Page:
The answer further alleged that the patent issued by the United States to the City of Los Angeles purported to grant to the Mayor and Council of the City of Los Angeles all appurtenances belonging to the land therein granted, which included all the waters of the river and the right to the use of the same.
It was admitted that the city claimed the paramount right to the waters of the Los Angeles River by virtue of grants, laws, usages, and customs of the Republic of Mexico and the Kingdom of Spain and the act of the legislature approved April 4, 1850, mentioned in the bill, but it was denied that these were the only sources of title through which the city claimed, and alleged that it also claimed said paramount right by virtue of long continued use and possession of said river and the waters thereof for the period of more than one hundred and twenty years, and by various grants and conveyances from private individuals, and by virtue of various judgments and decrees of courts of competent jurisdiction, and of the patents to the mayor and common council of the City of Los Angeles, mentioned in the bill, and also by virtue of its ownership of various tracts of land, which are riparian to said river, amounting in area to more than 4,000 acres, embracing the land through which the river flows in passing through the lands included in said patent.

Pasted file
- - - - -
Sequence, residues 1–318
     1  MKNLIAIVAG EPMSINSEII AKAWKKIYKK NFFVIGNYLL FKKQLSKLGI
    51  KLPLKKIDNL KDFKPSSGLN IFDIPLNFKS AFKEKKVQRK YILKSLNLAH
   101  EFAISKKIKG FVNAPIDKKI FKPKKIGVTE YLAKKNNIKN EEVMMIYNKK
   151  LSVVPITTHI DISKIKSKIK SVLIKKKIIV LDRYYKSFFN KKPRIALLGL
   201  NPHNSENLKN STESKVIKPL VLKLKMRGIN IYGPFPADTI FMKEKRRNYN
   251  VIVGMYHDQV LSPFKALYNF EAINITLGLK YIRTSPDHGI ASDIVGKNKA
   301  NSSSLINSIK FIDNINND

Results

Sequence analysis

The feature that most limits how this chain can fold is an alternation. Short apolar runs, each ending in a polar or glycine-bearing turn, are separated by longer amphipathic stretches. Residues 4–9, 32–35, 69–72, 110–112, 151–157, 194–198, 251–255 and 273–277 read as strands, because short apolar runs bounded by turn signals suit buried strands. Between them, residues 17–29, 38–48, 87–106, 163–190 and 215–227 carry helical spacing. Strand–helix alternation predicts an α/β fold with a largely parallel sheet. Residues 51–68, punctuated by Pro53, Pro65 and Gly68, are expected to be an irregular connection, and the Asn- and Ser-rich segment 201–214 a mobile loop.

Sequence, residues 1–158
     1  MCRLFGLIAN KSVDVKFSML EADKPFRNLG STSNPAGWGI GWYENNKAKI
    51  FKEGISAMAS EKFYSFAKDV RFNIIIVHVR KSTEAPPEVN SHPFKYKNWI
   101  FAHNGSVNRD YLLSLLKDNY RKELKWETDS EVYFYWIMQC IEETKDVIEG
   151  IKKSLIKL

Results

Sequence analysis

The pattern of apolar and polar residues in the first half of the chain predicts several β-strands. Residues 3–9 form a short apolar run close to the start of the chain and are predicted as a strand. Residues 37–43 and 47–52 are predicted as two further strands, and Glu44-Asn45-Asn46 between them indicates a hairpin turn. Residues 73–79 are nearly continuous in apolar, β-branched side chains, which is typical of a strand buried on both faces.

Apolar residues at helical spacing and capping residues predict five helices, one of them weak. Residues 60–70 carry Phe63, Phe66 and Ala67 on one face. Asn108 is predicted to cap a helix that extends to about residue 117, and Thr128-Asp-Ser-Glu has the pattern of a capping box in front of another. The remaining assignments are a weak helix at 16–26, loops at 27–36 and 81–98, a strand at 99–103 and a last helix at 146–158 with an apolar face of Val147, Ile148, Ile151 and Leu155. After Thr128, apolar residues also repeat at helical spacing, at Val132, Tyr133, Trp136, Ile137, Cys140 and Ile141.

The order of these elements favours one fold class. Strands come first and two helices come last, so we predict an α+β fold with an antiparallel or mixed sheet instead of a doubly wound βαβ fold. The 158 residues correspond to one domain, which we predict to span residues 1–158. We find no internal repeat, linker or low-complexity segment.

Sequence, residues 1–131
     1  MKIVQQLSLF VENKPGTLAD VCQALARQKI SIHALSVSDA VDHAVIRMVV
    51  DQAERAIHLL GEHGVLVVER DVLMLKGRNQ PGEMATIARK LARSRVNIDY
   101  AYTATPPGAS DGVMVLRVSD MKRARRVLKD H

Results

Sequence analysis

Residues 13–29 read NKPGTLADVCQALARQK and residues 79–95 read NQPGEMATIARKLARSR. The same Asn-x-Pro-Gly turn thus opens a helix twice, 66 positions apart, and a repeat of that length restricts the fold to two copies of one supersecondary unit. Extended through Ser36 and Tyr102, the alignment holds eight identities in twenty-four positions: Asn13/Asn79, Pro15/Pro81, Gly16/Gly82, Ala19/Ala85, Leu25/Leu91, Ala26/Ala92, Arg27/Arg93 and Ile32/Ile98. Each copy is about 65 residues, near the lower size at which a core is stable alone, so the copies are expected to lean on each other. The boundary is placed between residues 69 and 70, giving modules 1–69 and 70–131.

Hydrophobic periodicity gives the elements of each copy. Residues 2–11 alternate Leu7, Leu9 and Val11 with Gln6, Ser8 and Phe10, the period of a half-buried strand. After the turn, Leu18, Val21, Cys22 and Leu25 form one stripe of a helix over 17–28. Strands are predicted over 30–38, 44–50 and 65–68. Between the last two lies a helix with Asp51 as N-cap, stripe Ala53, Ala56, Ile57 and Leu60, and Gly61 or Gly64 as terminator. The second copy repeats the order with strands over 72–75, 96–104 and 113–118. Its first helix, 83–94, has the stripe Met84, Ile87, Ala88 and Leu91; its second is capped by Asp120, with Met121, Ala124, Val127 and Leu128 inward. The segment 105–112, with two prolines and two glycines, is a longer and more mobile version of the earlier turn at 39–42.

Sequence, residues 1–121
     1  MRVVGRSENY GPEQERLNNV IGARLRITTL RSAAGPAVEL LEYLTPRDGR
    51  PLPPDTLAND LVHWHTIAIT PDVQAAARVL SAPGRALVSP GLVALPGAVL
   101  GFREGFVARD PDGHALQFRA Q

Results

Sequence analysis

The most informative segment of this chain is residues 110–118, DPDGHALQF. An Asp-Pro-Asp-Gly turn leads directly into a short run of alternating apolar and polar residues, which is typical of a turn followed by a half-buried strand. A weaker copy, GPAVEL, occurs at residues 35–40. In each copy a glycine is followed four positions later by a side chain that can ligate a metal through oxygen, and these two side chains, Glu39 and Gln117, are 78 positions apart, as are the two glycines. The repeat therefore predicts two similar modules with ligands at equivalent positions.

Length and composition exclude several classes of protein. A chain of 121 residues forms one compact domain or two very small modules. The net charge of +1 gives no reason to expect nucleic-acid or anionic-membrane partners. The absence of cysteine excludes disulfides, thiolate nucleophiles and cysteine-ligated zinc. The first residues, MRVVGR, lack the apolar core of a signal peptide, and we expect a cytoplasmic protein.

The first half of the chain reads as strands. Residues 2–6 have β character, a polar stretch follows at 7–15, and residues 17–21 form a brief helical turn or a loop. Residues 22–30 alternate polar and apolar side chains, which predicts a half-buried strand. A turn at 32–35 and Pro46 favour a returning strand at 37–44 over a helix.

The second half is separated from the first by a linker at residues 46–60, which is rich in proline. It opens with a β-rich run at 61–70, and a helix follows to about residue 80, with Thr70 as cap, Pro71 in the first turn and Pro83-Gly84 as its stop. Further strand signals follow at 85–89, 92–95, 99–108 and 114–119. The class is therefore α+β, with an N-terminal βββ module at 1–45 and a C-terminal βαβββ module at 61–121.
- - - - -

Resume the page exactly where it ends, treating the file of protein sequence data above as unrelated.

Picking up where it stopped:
The answer disclaimed that the city acquired, under the act of the legislature passed April 4, 1850, any right to the Los Angeles River, or the waters thereof, or any other water or right which was at the time of the passage of said act, vested in the predecessors of complainants, or any private individual or corporation.
The answer denied that the acts of the legislature or the chanroblesvirtualawlibrary
proceedings, or acts, or charters of the city referred to in the bill constituted any cloud upon complainants' titles, but, on the contrary, allege that none of complainants had at the time of the commencement of the suit, or have now, any right or interest in or to the waters of the Los Angeles River save in subordination to the paramount right of the city to take and use all of the waters of said river to the extent of the necessities of the city or its inhabitants.